I have no idea when he came to England, but he got married to the love of his life Mary and Jack worked for British Rail, as a gate man at the level crossing at Norwood Road, March. For the most part he worked at night. I remembering him saying after 20-years it still didn't feel natural.
In his younger years, he loved a bet and the gang used to frequent the March Cabaret Club & Casino. From stories told by my Uncle Keith (Dad's brother) they used to work hard all week to lose their cash over the weekend, they didn't hold back on the horse racing or greyhounds either.
It makes me wonder whether people back in the day (70s) gambled with a real passion or lunacy compared to this modern day of 'when the fun stops, stop' mentality. By definition perhaps Uncle Keith et al were gambling addicts in the way they loved gambling rather than it being a problem.
Without doubt, my uncles loved a drink and it seems the norm to consume 10 - 15 pints a night without thoughts of excess.
From watching episodes of On The Buses, I would have enjoyed being a man about town in the 1970s.
A time when you could mention the word bristols without referring to the city just a part of the female anatomy.
Anyway, my mind had wandered.
Jack loved life and a gamble. A regular haunt for all was the Lord Nelson Public House down Norwood Road.
As most of the gang lived in that neck of the woods it was ideal. Originally run by Joe and Ivy Case, as babies my brother and I would be in our pram while Dad had a brown and mild while mum may have been drinking a vodka and orange. This was all before political correctness went out of control. I'm sure all this upbringing gave me a respect for gambling and drink and far from a thorn in my side. Too many people do the blame game.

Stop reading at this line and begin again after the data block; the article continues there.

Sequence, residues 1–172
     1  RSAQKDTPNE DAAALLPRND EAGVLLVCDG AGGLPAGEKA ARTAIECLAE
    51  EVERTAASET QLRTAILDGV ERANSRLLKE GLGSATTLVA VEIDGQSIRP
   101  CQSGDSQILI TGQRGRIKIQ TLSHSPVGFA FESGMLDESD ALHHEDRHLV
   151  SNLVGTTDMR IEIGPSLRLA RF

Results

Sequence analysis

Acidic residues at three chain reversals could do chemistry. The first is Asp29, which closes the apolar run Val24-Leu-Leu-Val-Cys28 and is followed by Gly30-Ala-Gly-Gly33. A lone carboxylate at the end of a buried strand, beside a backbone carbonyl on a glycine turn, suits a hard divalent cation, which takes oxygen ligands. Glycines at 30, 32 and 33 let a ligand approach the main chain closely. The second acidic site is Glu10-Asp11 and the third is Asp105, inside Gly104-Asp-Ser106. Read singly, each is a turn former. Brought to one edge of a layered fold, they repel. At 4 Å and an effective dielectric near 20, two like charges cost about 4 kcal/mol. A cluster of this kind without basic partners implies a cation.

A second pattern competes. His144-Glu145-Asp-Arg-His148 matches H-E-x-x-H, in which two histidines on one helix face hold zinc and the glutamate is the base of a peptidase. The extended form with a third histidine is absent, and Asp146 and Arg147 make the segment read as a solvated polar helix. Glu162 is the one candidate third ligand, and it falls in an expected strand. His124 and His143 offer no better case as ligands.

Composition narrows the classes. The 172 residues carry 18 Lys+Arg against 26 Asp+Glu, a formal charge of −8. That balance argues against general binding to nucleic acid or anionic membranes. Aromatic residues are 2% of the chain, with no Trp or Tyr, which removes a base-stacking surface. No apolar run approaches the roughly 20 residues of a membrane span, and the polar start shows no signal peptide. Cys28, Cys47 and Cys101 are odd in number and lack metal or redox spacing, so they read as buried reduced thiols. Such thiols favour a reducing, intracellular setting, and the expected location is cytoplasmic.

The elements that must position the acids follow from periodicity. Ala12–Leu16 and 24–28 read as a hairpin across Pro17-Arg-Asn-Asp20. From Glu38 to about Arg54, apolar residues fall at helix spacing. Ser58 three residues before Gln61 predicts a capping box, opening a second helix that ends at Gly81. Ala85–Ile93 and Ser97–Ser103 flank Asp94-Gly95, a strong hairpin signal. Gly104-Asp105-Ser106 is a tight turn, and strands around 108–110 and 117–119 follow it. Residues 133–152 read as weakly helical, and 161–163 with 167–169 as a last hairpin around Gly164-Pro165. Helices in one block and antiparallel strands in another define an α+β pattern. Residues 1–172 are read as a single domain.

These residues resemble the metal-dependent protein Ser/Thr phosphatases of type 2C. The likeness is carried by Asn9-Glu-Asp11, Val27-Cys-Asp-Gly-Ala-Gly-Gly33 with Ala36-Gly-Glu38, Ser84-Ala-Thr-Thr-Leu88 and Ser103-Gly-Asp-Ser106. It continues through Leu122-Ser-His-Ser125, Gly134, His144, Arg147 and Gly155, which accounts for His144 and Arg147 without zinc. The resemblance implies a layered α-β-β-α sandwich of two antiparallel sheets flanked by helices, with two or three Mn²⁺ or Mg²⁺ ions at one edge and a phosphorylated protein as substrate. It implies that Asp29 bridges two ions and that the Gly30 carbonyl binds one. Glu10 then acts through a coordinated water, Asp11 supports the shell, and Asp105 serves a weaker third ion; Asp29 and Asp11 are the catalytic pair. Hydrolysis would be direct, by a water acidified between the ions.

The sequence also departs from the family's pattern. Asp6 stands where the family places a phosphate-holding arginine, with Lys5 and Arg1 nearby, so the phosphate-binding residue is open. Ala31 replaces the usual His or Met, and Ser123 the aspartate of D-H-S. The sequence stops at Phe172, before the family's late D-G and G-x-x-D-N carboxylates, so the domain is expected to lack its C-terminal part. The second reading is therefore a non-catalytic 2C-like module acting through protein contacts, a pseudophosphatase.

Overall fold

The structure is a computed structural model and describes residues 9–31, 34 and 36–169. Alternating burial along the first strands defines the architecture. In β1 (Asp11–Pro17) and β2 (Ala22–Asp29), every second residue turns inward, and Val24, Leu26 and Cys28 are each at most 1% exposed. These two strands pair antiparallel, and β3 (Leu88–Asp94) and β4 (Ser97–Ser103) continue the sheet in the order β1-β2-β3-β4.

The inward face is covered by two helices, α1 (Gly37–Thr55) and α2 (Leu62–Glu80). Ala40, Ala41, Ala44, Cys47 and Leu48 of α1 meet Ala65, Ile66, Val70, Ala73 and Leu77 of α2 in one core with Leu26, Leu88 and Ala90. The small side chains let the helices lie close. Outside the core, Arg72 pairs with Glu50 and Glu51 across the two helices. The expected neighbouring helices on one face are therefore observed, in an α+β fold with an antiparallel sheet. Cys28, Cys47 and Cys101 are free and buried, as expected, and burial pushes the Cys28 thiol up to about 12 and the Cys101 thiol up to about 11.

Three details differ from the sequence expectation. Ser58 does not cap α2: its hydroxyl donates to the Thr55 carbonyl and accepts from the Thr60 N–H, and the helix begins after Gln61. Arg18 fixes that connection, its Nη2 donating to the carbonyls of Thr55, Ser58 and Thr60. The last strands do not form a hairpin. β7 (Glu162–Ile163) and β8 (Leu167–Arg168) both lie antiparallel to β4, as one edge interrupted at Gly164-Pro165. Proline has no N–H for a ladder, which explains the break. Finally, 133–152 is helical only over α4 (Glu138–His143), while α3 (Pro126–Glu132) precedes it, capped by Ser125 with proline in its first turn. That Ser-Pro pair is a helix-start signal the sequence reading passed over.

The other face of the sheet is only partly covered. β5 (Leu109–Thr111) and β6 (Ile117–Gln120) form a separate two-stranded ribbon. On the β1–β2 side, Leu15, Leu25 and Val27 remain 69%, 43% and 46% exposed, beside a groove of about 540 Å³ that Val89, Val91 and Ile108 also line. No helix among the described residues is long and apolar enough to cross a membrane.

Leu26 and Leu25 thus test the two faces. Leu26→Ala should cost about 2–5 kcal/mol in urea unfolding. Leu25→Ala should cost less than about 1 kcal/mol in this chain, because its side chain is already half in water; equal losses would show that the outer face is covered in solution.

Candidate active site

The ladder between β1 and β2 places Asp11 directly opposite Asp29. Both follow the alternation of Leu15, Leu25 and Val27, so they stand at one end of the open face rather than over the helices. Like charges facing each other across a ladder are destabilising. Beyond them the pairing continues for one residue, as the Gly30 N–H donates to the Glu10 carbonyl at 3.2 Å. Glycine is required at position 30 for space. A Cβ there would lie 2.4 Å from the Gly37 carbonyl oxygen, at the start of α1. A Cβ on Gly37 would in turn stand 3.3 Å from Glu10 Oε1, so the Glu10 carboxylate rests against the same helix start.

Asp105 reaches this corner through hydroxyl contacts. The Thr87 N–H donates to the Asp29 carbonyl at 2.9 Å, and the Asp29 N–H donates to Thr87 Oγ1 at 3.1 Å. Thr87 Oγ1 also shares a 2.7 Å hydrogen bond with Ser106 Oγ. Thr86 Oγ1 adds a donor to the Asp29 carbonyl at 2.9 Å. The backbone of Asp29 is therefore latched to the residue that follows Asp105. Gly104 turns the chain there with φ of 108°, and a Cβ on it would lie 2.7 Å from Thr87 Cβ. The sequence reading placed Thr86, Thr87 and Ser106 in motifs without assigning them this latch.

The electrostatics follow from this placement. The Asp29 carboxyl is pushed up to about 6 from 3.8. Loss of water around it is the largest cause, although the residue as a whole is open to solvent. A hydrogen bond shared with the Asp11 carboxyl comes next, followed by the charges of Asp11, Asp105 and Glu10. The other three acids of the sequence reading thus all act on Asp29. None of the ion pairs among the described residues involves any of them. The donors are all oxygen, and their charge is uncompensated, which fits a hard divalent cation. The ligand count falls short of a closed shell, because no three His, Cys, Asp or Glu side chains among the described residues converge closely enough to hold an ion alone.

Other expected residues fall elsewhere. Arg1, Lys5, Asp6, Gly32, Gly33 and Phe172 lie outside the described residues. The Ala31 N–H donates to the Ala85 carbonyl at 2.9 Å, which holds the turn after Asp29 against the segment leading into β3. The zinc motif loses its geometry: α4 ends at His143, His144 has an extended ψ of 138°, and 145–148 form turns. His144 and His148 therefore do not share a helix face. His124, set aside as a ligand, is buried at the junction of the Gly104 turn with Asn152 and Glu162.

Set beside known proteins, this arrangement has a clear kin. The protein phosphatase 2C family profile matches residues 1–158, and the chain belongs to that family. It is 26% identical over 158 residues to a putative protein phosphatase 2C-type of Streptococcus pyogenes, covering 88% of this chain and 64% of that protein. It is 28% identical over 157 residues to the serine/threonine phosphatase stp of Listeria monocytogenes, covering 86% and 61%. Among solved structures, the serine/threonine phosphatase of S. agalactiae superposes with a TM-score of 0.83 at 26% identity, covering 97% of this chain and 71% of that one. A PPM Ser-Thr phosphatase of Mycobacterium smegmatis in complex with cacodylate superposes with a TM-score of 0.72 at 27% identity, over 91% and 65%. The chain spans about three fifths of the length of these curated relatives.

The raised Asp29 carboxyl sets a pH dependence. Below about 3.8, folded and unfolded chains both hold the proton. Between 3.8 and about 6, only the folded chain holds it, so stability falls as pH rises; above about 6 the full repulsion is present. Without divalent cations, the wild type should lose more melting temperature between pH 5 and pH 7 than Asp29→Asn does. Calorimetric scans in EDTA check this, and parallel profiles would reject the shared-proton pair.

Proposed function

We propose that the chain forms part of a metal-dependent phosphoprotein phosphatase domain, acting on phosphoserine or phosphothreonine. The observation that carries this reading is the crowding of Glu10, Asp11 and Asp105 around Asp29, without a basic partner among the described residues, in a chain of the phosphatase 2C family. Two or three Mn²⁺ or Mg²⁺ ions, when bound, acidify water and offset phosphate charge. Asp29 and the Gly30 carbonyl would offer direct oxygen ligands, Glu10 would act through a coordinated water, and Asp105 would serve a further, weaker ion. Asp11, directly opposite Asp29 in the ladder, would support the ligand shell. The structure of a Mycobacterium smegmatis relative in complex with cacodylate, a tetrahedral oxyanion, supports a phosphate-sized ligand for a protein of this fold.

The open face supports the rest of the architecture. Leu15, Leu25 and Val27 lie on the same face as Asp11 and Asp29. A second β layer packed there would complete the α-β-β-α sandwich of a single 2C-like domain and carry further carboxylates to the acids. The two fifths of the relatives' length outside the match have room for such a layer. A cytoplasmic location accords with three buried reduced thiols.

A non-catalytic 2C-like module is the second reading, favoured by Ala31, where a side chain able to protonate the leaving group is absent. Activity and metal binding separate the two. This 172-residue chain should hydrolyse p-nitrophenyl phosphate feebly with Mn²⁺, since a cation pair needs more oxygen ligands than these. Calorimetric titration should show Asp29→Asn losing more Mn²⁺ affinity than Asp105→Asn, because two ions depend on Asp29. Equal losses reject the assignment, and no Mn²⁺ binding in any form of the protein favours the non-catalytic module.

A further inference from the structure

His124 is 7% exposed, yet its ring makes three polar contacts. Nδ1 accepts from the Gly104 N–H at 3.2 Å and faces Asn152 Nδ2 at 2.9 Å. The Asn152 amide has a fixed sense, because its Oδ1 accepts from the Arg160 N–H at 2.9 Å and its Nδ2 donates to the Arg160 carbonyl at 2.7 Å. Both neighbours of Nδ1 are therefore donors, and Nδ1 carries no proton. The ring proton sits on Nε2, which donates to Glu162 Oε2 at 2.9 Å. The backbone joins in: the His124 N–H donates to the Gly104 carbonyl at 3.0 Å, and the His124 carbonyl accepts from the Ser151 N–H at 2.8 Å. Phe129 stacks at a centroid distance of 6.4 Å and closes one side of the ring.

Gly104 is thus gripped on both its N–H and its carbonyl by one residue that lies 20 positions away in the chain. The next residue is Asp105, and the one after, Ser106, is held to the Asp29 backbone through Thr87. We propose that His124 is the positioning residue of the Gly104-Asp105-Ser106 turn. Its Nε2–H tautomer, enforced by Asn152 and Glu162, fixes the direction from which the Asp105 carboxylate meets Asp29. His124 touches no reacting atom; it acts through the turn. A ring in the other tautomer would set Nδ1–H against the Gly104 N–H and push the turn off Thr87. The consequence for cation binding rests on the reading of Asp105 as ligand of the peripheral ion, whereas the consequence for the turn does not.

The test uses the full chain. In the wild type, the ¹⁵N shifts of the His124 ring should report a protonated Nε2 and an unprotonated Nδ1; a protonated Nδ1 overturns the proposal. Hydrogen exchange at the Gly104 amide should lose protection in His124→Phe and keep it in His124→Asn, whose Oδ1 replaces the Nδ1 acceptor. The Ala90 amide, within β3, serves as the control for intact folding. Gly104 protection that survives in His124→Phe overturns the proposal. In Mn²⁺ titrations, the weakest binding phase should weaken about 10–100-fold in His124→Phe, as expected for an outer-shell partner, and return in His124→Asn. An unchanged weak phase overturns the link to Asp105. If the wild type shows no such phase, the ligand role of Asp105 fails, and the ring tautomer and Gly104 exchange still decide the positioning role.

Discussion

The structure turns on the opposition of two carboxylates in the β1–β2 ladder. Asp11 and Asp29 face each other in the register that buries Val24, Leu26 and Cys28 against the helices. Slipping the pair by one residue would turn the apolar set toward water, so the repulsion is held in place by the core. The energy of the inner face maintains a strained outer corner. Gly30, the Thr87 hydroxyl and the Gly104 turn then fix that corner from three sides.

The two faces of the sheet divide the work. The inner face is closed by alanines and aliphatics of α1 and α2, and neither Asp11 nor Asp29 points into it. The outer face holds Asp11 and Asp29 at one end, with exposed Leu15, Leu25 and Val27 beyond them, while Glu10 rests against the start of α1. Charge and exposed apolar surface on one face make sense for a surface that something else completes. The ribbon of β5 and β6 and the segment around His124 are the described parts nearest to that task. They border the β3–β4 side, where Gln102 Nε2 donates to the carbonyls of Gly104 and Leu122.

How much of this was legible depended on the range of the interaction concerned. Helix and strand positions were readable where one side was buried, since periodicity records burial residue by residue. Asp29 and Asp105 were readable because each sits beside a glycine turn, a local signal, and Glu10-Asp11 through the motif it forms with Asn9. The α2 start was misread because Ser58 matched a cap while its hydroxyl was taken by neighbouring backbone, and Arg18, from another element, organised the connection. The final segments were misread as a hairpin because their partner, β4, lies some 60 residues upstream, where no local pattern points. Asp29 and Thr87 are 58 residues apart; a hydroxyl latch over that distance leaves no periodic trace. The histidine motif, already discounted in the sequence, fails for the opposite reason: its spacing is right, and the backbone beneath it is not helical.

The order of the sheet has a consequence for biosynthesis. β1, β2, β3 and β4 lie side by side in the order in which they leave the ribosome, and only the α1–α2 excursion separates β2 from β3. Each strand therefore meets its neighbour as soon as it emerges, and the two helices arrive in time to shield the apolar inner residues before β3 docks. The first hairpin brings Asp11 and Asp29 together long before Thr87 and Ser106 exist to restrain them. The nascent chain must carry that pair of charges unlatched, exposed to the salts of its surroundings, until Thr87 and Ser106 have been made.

I'm an infrequent drinker (basically teetotal) and I bet and make money. In fact, my business is all about gambling and I make a fair living from that.
Anyway, Jack recounted a story from back in the day at a racecourse in Ireland.
He saw a horse trainer on course and watched as the man put a cigar in his mouth and searching his pockets for a match or lighter. In a flash, quick-thinking Jack, appeared, like magic, in front of the trainer and asked if he wanted a light.
Appreciating the fact that a good man was there when needed.
Jack asked of his chance of the runner in the next race. Clearly feeling he was talking to one of his own, he gave him the nod and a winner plus a story to tell budding gamblers like my brother and I.
A more loving, trusting, friendly, happy and remarkable gambling group of men you couldn't have wished to meet.